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Do I really have to have gold or metal under my new porcelain crown?

We receive this question often. The patient goes to the dentist and is told that the crown will not be strong enough if they don’t put a metal core under the porcelain. This type of porcelain fused to metal or gold has been used in dentistry for over 50 years. In our practice it is rare for us to use this type of crown. All-ceramic crowns with no metal have been available for years. In my own mouth I have an all porcelain bridge and all porcelain crowns that have been in my mouth for 18 years. We now have new generation of all-ceramic crowns that are even stronger than the ones I have in my mouth. I did not want metal because of the esthetics and biocompatibility issues. When porcelain to metal crowns are used, more tooth has to be ground away so they can cover the metal. Even then patients complain about the dark line at the gum. I also notice red, inflamed gums, which is often caused by allergy or sensitivity to the metal. Another reason I don’t like the porcelain to metal is galvanism. Galvanism is an electric charge that is generated when two or more dissimilar metals are together with moisture. One Russian study showed an increase in bone damage around teeth with galvanism. I have had a virtually metal free practice since the 1980’s so I know they are strong, beautiful and biocompatible.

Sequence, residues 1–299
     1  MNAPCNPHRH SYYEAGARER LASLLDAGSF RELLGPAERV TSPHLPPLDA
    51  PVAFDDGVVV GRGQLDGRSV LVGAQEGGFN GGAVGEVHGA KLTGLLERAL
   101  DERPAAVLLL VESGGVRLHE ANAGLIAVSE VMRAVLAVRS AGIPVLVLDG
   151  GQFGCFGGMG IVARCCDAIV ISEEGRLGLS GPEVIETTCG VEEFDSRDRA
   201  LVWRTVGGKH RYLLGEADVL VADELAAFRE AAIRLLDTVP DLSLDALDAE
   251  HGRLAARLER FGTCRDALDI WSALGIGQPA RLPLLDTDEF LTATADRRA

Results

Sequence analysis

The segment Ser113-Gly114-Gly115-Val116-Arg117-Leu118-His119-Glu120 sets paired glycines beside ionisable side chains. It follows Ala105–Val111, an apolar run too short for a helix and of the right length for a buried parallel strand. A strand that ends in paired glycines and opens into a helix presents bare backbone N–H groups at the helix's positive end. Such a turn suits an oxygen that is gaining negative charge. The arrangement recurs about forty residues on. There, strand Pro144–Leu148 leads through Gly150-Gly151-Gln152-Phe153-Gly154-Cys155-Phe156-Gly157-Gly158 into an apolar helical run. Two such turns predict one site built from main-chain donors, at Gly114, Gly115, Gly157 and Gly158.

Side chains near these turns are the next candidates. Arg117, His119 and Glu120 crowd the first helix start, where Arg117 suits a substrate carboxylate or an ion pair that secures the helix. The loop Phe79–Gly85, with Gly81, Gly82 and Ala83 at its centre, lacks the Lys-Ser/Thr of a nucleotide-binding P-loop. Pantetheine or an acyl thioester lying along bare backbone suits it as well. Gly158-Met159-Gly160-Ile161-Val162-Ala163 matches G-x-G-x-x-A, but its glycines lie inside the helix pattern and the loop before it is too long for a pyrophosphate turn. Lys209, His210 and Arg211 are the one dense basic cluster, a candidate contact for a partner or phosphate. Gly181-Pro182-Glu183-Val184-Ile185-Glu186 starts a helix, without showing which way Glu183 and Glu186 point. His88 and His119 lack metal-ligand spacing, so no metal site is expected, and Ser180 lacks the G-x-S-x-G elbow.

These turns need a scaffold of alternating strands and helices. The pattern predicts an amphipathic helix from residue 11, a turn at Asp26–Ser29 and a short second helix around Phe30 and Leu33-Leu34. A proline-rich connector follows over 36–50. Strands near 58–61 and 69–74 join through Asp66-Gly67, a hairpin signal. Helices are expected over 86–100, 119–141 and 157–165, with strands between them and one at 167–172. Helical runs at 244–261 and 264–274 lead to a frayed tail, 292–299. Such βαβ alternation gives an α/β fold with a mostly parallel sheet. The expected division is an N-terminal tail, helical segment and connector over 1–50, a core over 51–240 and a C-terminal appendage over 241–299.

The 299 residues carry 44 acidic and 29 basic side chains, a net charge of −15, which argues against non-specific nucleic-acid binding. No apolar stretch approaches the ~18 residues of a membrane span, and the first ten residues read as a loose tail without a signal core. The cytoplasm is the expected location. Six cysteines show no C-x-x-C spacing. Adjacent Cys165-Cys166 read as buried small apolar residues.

I hope you are all enjoying this nice Seattle weather we are having this week!
Be well,
Richard Stickney

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